Ending the Stigma and Prosecution of Self-Administered Abortions (US)

In just the first three months of this year, 431 abortion restrictions were introduced at the state level. Plus, 2017 has seen the confirmation of anti-choice Supreme Court Justice Neil Gorsuch, and the reinstatement of the Global Gag Rule (an international policy that prohibits nongovernmental organizations across the globe that receive US family planning funds from advocating for or even discussing abortion). Add in the 338 state-level restrictions passed between 2010-2016, and it is increasingly clear that abortion access– at least in the short term — is slipping away in this country.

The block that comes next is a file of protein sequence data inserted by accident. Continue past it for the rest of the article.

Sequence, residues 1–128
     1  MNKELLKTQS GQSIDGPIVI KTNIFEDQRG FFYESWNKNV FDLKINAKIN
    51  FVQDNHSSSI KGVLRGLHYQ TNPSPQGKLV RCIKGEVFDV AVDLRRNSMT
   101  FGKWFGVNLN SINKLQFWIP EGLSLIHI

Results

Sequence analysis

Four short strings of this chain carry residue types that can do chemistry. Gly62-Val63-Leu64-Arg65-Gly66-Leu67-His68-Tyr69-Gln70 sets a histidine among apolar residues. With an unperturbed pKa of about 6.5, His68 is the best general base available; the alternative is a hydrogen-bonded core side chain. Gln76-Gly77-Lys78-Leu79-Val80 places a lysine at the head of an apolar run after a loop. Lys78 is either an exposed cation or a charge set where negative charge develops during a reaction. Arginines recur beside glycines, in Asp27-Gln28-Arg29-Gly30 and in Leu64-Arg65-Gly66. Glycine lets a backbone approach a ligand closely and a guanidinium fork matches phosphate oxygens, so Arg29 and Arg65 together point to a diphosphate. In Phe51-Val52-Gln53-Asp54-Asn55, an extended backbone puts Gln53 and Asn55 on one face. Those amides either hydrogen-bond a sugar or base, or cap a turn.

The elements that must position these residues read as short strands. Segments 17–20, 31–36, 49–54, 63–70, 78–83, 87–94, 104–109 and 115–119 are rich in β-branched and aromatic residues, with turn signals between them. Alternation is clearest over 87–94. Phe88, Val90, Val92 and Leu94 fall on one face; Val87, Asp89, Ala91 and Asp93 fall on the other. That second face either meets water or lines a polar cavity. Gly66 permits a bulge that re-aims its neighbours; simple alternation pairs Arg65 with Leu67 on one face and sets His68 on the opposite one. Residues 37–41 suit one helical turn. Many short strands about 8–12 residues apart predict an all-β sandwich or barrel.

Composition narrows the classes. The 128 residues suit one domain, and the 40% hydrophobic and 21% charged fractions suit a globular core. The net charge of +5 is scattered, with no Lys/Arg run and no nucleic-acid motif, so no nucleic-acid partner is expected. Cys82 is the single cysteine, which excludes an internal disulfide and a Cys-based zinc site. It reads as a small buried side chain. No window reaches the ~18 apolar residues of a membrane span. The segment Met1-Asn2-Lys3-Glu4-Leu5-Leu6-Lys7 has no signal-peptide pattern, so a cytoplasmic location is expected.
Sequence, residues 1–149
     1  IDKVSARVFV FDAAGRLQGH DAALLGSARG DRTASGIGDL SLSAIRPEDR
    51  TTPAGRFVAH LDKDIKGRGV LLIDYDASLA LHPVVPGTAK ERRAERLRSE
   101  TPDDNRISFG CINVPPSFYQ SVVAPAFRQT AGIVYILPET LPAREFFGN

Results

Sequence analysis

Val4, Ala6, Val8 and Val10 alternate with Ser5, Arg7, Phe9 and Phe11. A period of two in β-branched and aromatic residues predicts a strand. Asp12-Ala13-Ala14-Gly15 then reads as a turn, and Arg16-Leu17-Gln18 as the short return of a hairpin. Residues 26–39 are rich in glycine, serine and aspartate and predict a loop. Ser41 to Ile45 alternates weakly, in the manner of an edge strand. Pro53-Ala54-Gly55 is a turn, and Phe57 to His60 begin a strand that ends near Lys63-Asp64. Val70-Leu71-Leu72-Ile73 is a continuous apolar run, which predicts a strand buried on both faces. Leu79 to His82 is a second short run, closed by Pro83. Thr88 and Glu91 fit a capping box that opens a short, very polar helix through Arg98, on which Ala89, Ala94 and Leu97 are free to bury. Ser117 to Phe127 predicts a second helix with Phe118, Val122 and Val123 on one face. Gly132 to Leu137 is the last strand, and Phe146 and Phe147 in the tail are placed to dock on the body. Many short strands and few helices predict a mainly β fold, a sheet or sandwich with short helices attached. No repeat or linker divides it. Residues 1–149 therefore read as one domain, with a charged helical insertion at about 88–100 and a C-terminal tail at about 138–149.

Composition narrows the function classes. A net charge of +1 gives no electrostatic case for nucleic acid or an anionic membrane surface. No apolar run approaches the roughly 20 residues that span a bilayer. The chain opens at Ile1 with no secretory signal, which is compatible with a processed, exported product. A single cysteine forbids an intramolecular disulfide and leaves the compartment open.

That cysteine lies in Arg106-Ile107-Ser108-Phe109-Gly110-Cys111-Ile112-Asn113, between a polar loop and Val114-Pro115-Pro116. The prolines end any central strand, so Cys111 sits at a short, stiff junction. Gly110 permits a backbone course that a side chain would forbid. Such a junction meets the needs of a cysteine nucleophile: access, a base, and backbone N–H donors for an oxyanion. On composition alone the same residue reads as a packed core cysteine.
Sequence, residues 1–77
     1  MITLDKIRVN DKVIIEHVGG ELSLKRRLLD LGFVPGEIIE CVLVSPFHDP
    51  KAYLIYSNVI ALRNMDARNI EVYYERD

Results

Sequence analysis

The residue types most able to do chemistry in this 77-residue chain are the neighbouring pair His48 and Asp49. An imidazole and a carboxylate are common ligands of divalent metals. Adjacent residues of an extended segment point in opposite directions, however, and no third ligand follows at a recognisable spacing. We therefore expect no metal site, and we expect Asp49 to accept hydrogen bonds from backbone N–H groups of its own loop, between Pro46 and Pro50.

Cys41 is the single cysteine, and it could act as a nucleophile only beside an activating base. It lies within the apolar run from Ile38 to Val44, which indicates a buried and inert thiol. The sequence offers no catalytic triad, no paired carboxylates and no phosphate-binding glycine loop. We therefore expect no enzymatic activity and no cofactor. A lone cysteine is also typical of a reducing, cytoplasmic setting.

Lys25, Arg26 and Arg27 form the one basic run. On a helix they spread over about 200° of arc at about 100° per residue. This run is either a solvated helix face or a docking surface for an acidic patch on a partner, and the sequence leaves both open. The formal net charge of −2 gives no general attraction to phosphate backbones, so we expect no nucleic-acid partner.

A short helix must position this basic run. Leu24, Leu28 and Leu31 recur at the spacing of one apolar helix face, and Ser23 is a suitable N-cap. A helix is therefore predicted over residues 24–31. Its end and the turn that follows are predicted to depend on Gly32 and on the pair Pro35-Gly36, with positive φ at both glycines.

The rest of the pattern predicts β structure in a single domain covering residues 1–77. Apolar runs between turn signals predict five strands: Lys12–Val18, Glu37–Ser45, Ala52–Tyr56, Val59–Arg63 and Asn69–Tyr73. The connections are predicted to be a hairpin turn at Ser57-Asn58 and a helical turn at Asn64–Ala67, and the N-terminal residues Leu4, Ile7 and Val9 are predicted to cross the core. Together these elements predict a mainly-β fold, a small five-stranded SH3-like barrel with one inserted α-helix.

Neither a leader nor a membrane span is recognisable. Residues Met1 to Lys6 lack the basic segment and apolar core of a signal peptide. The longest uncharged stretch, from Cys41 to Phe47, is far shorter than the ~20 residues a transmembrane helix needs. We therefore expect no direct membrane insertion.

While few states explicitly ban individuals from ending their pregnancies at home without direct supervision by state-sanctioned physicians, there are 38 states that are attempting to frame abortions performed without a licensed physician as an unlawful practice of medicine. However, under Roe v. Wade such attempts are actually unconstitutional, according to multiple legal experts with whom I spoke.

“For those who’ve studied the impact of laws intended to restrict abortion and seen the impact on already marginalized communities, it will come as no surprise that laws and prosecutions that criminalize self-induced abortion have been disproportionately used against poor, immigrant, or young women and women of color,” said Diaz-Tello.

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